What avocado toast symbolized—to me—wasn’t success or royalty. It wasn’t bourgeois hipster culture literally spoon-fed into my mouth as a means to fulfill trends and declare my wokeness. It wasn’t even about the anti-aging properties, or healthy fats, or any of that nutritional garbage.
Avocado toast just looks really tasty. I mean…
How could I deny such a beauty? I didn’t care how avocado toast made me feel, I loved how it made me look. You couldn’t understand such an addiction, unless you were a douchebag millionaire who literally builds luxury-style property that feeds into this toxic aspirational, gentrifying lifestyle where avocado toast fucking thrives and lives.
Perhaps, if you were someone like that you would understand why so many like myself are afflicted with this avocado toast addiction and might possess the bravery to speak on it. I’m so glad a random Australian millionaire did. Honestly, it’s the hardest struggle of my life.
I once tried to overcome that struggle. Like a zombie, I entered this café, mumbling my order, sliding my card as if I were in no possession of my very body, watching my dreams of a mortgage slipping away. I sat down, trying yet again to deny my addiction, to take back control.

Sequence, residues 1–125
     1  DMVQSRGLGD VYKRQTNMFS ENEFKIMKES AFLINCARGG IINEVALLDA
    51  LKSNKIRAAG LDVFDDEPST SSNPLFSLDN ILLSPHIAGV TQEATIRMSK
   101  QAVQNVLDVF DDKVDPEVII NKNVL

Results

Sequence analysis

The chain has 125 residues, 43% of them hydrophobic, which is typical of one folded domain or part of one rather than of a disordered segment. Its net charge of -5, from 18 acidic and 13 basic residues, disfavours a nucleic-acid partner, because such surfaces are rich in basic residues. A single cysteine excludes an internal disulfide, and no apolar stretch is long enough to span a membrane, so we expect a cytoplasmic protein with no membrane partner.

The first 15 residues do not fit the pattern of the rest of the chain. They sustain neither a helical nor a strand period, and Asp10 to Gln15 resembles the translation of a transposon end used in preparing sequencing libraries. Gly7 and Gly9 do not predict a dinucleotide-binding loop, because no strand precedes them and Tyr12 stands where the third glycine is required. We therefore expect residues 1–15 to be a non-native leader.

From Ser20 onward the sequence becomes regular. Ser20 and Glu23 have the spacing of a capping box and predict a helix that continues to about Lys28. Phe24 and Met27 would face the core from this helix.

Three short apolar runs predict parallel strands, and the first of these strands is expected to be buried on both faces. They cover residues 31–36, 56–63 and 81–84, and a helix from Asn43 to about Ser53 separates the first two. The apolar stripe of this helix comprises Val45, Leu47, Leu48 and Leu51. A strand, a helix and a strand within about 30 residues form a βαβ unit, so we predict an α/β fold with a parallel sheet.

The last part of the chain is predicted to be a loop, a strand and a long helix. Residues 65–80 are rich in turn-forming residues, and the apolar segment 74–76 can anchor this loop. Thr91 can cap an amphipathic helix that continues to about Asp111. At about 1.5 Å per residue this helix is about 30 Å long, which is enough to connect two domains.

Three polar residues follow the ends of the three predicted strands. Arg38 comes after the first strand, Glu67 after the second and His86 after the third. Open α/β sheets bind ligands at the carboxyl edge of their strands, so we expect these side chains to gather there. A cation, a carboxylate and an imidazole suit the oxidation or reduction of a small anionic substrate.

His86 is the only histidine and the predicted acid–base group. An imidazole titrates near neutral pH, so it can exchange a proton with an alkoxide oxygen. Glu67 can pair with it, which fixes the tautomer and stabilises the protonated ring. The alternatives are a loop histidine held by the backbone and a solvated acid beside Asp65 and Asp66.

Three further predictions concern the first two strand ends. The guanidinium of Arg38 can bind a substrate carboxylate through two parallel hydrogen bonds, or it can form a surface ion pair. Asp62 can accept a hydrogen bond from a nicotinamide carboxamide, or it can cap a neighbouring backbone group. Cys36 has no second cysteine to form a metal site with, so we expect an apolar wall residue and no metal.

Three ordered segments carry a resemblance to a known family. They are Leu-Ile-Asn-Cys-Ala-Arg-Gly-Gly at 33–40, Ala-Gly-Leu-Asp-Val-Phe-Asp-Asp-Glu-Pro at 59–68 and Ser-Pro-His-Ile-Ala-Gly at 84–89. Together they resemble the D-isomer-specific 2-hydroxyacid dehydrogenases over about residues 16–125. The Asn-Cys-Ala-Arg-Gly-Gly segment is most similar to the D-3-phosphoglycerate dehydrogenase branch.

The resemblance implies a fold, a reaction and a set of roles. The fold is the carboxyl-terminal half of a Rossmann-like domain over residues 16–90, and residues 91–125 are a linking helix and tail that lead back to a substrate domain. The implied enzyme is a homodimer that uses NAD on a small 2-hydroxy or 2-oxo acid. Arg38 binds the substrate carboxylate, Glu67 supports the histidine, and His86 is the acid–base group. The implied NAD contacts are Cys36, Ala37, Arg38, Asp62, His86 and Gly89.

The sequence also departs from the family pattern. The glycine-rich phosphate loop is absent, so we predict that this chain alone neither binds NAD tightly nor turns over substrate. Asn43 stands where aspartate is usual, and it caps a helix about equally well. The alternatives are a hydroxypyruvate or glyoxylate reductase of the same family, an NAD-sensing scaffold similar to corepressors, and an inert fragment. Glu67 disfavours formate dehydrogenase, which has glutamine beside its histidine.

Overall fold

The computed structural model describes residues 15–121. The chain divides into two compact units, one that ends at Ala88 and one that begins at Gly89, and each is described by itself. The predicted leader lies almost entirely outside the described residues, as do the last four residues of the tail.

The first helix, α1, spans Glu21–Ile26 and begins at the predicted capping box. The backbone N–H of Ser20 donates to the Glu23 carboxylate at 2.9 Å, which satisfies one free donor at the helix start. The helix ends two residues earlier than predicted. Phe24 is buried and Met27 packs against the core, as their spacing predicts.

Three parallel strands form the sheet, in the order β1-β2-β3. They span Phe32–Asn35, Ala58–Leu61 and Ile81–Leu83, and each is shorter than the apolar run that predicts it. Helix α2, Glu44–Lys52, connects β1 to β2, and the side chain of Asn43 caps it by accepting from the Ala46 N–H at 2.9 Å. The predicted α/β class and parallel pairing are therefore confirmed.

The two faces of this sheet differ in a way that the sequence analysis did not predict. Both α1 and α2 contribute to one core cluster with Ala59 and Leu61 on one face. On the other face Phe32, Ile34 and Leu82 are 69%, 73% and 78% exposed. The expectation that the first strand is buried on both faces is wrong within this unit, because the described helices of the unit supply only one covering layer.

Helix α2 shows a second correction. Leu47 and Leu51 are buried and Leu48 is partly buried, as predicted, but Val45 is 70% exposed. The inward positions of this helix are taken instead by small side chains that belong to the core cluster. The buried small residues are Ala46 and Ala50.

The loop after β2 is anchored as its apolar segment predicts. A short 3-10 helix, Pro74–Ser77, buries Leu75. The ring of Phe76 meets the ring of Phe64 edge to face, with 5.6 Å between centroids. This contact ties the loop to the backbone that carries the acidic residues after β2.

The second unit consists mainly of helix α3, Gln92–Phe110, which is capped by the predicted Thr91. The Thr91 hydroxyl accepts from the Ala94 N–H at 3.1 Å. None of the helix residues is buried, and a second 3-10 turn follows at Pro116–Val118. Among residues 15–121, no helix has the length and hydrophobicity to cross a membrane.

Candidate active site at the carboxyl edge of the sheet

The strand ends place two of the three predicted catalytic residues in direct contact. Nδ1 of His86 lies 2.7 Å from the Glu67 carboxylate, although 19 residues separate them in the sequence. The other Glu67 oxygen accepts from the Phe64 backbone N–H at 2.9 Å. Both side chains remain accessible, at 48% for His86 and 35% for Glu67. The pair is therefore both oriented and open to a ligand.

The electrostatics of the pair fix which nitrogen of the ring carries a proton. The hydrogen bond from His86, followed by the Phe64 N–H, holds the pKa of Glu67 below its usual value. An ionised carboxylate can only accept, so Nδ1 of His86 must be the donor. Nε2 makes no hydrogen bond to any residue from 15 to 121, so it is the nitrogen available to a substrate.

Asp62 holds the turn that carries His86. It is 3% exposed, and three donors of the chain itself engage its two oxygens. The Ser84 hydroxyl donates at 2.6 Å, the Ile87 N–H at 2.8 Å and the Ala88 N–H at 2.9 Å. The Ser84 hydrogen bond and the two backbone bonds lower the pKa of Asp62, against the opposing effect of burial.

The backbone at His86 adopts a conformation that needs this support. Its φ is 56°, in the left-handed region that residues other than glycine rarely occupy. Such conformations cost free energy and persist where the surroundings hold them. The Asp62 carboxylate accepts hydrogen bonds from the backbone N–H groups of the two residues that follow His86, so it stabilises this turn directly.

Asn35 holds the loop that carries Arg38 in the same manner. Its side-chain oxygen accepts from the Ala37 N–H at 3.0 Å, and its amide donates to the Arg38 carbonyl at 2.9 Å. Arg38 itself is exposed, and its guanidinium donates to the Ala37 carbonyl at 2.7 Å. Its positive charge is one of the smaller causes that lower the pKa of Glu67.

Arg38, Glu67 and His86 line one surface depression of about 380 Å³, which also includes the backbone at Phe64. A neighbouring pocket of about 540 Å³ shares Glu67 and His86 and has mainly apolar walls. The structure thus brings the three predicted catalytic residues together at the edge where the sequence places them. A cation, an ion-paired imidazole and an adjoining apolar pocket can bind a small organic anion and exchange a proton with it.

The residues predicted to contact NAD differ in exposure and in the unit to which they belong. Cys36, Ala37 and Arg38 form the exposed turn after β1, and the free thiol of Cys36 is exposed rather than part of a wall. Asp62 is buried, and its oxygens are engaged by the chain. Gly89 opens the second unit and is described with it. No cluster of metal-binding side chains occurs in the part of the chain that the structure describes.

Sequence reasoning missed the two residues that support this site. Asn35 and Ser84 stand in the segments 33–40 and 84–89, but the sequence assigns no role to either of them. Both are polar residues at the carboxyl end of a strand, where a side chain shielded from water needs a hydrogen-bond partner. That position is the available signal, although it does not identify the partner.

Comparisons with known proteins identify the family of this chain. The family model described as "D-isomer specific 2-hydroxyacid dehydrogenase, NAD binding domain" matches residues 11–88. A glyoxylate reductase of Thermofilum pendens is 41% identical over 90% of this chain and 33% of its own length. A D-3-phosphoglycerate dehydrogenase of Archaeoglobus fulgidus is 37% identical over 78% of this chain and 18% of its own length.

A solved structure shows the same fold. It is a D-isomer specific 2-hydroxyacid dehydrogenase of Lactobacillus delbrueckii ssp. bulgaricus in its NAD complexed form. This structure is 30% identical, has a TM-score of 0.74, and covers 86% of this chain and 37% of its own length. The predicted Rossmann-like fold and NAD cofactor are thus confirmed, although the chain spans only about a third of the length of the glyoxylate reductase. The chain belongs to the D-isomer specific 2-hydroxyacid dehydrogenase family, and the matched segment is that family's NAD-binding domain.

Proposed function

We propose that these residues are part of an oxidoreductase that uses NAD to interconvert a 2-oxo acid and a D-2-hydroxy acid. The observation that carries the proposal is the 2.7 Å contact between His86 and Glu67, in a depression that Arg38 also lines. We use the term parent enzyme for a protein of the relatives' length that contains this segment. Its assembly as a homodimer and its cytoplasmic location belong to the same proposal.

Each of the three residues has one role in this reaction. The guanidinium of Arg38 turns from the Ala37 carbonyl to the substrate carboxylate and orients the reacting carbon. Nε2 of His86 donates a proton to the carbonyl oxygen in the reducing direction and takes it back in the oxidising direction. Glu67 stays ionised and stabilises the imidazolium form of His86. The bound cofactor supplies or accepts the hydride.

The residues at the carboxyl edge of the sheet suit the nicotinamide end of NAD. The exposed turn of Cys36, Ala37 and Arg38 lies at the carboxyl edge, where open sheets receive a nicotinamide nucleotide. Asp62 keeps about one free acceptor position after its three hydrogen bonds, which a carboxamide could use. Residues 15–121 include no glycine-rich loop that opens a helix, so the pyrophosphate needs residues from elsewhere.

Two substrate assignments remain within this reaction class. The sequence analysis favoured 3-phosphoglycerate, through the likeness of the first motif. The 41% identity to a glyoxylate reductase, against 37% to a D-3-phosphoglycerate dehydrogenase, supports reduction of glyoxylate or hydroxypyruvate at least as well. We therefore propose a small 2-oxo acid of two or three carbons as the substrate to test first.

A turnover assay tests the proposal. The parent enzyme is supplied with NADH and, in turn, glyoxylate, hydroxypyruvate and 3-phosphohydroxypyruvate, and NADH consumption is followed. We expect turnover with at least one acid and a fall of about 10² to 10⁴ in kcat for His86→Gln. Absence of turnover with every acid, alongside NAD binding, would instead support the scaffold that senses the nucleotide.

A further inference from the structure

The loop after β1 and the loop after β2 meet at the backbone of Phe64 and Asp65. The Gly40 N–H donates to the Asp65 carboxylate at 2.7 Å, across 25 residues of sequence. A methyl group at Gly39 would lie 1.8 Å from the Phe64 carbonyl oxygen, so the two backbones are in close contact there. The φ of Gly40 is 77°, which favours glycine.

I hovered over the toast, granting myself just a whiff.
I knew if I were to beat this demon it would require a massive confrontation, the likes of which I couldn’t fathom. Was I capable? What abilities did I have to defeat this monster? As a millennial whose every action stems from sustaining this massive ego of mine—a.k.a. the giant void inside me I can never fill—my skills were limited. I could develop my #brand, hit the perfect selfie angle and lighting, complain about my problems online, and spend money. (This is all millennials can do, right?)
My talents were restricted to the basic millennial starter kit. I couldn’t buy the deluxe packages—including, but not limited to: sweet Europe backpacking pics, athleisure digs, and a useless grad school liberal arts degree your parents paid for—because I kept spending all my funds on avocado toast. I didn’t have much, but to eradicate this addiction once and for all, I had to confront this thing head-on at the height of its powers.
So I broke the yolk.
Food porn at its most dangerous….
It’s so creamy, and runny, and yellow…
Please, sir, could I just peek a little closer?
Like that, it was over. I cut off one bite, just to remember how it tasted. Then I had another and another and another. Soon I was lost in the sauce. The mouthfeel overpowered every other sound appeal. My love of avocado toast knew no boundaries. This was no casual dalliance. One bite meant seven hundred more.
That day I ordered 47 pieces of avocado toast.
Afterwards, with no funds left to afford a down payment, I did as I always would and laid down with the remains of my pain. I wanted the whole café to witness my shame.
Now you know my struggles. You’re here now. And I need your help. Please assist me in defeating this avocado toast addiction crippling millennials everywhere. This avocado toast addiction is the sole reason none of us buy houses, I promise you. Someone you know is struggling against this right now. Alone we are weak and stand no chance. Together…well together we just might qualify for an FHA housing loan.